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Ukraine Black Sea drone attacks signal rapidly expanding war

Ukraine Black Sea drone attacks signal rapidly expanding war
Ukrainian rescuers work at the site of a drone attack on port infrastructure in the Odesa region, southern Ukraine, on 2 August 2023. (Photo: EPA-EFE / Odesa Regional Administration Handout)

The footprint of President Vladimir Putin’s war on Ukraine is growing fast after a weekend in which sea drones crippled a Russian naval vessel and oil tanker. 

For the first time, the attacks put at risk Russia’s commodity exports via the Black Sea, a route that accounts for most of the grain and 15% to 20% of the oil that Russia sells daily on global markets. Significantly higher insurance and shipping costs are likely to follow for Moscow, but there are risks to European and global markets, too.

The expansion comes as Ukraine’s counteroffensive advances more slowly than Kyiv officials planned, and as Saudi Arabia’s attempt to catalyse peace talks by hosting a multinational conference showed just how hard it is likely to be to end the bloodshed on terms both sides can accept.

“We’re in an escalation phase now and the situation is unpredictable,” said Alexander Gabuev, who heads the Russia Eurasia Center of the Carnegie Endowment for International Peace, a Washington think tank. 

“Since the start of its counter-offensive, Ukraine has been trying to deliver a message to the Russian elites and population that the war can strike into their territory,” Gabuev said. Now it “is trying to target Russian critical infrastructure, including sea routes in the Black Sea that are vital for Russian exports”.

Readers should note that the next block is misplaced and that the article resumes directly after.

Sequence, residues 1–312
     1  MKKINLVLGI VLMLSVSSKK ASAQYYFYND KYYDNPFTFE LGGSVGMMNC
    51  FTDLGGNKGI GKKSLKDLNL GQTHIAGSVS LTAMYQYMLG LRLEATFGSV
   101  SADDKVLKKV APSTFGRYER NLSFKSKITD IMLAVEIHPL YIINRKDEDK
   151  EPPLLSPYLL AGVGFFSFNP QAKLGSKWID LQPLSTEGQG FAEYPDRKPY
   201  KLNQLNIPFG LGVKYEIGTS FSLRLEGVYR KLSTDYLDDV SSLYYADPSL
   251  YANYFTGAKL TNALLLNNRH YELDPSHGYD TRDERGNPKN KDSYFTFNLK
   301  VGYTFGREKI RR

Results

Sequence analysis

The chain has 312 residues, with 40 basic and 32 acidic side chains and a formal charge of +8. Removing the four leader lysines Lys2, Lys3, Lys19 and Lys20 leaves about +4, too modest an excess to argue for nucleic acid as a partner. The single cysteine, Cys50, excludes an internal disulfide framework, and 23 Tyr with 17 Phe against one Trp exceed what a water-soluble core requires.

Although the extent of this escalation and its consequences are for now unclear, they may become significant and hit non-Russian economic interests hard. Wheat futures in Chicago climbed more than 3% on Monday before paring gains, while crude oil prices in New York were little changed.

“Freight rates will be ballooning next week as the risks of carrying anything across the Black Sea proliferate,” said Viktor Katona, head crude analyst at market intelligence firm Kpler Ltd. The cost of shipping Russian crude from Novorossiysk to the west coast of India could rise by as much as 50%, he said.

Oil exports

Russia exports around 500,000-550,000 barrels a day of crude and 450,000 barrels of refined products, mostly fuel and diesel, from Novorossiysk. The port also loads about 250,000 barrels a day of crude from Kazakhstan that gets delivered to the port via pipelines and from there is shipped to Romania for refining, Kpler data show. 

Near the port, the Caspian Pipeline Consortium, or CPC, alone loads tankers with about 1.3 million barrels of crude per day and is the main route for exporting oil from Kazakhstan to Europe. 

“Some 2.5 million barrels a day of crude and product flows are endangered by the flareup,” Katona said, adding that a potential halt of the CPC would do much more damage to Western interests.

Russia is also the world’s top wheat exporter, and the bulk of its grain is delivered from Novorossiysk and the Kavkaz anchorage in the Kerch Strait. The country is in the midst of a second bumper harvest, making this a crucial time for getting grain to global markets.